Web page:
I have worked with a company that is a Microsoft Gold Partner for the past 4 summers as PC Repair Technician and a Network Technician. Needless to say, they sell, use, install, and maintain Microsoft Products. I have been using Linux (Ubuntu, most often) for the past few years, and decided (a while ago) to ditch dual-booting-for-work-purposes and dive head-on into a Microsoft world with Ubuntu. Some specific tasks that are needed:
- Microsoft Office compatibility(Word, Excel, and occasionally Visio)
- Microsoft Windows Server 2003/2008 administration (Remote Desktop)
- Windows shares (samba)
- ESX Server Administration (VMware Infrastructure Client)
- Microsoft CRM
- Network Printing
Some tasks that come in handy:
- Testing in a virtual machine
- Network utilities (ping, traceroute, wireshark)
- Data recovery/backup
Microsoft Office compatibility
OpenOffice has proven exactly what is needed in this area. In fact, our weekly-timesheet (Created in MS Excel) that automatically calculates how many hours you’ve worked for the week, adjusting for a lunch you report, etc, has worked flawlessly. I am able to open, modify, and save anything that I need. Except for Visio. Visio is one of the products that doesn’t play so nicely. I find Dia as an excellent replacement on the Linux side, and there even exists a Windows version! The problem is convincing the techs to switch a utility that is different than what the existing diagrams are created in.
Microsoft Windows Server 2003/2008 Administration
tsclient and rdesktop, what more can I say? Perfect for my needs.
I am able to mount, browse, traverse, climb, roll, jump, and swim where I need to on our network with Nautilus and samba.
GoToAssist/ESX Server Administration/Microsoft CRM
These were three things that I was unable to get working properly natively. For these three, I was forced to either use VirtualBox and virtualize Windows XP install, or using tsclient/rdesktop to log into our citrix server and navigate that way.
- GoToAssist: We have a license to use GoToAssist where the client browses to our website, clicks a link, types a code we provide to them, downloads and installs a plugin, and we can remotely view their screen and control it. It makes remote support a breeze. The problem with GoToAssist, is that it doesn’t offer a linux native client, it will not run properly with wine.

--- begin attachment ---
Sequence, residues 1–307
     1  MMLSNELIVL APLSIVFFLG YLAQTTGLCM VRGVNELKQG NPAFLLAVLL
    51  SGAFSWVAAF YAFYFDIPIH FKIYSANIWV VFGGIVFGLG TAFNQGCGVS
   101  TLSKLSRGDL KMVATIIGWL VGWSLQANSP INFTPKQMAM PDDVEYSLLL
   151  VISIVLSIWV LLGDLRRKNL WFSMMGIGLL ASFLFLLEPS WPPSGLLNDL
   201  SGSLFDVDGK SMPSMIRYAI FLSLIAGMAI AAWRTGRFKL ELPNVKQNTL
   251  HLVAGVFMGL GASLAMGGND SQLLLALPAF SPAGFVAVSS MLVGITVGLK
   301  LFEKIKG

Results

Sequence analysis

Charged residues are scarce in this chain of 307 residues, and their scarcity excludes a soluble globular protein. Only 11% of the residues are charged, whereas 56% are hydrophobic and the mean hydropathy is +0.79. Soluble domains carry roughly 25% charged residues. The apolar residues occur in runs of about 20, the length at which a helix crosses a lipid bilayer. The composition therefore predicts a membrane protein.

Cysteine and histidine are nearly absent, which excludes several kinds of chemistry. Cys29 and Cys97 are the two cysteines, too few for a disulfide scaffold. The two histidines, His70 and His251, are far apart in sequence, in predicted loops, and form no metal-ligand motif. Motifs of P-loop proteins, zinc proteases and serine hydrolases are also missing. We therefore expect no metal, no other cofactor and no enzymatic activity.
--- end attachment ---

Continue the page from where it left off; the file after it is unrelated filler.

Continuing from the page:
- ESX Server Administration: When we deployed, version 3.5 was the latest that was out. Apparently, there are other people looking to get this running in wine, but I had no success. ESXi has since upgraded to 4.0; VMWare Infrastructure Client is now known as vSphere, and they offer a command line manager that I installed and tried to run, was unsuccessful, and didn’t have the time to futs with it anymore. I am excited to watch for the vSphere Linux client (which I read somewhere is in the works!)
- Microsoft CRM. I have to admit, I hate this product. The product might be great if it was used as intended, but it is not intended for how we use it. Other products like AutoTask and ConnectWise (yes, OS independent) are more suited for our use and, coincidentally, they are planning to migrate to one of these products in the near future. Microsoft CRM forces you to use Internet Explorer because it makes heavy use of ActiveX, and I had ie4linux, but had problem after problem with it freezing up. I didn’t use it extensively, but only seemed to have problems with our particular web portal.
Network printing was way too easy to set up. Printer Settings -> New Printer -> Select “Network Printer,” and it found our HP LaserJet 1022n. An automated script downloaded the particular drivers from HP, and I was on my way to flawless printing.
As mentioned before, I had to rely on either VirtualBox, or remote access to a Windows machine for complete integration (GoToAssist, ESX Server Administration, Microsoft CRM).
Utilities like ping, traceroute, and wireshark posed no problem (yes, of course they exist for linux).
It proves difficult to completely break-away from Microsoft in this particular environment while still maintaining a level of adequacy. Certain software doesn’t offer non-windows compatible versions. If someone truly looking forward to breaking away, decisions can be made for software and tools to be used that are cross-platform and not OS discriminatory (or at least mostly). I have found success in this environment that didn’t require too many changes from my normal day-to-day computer usage.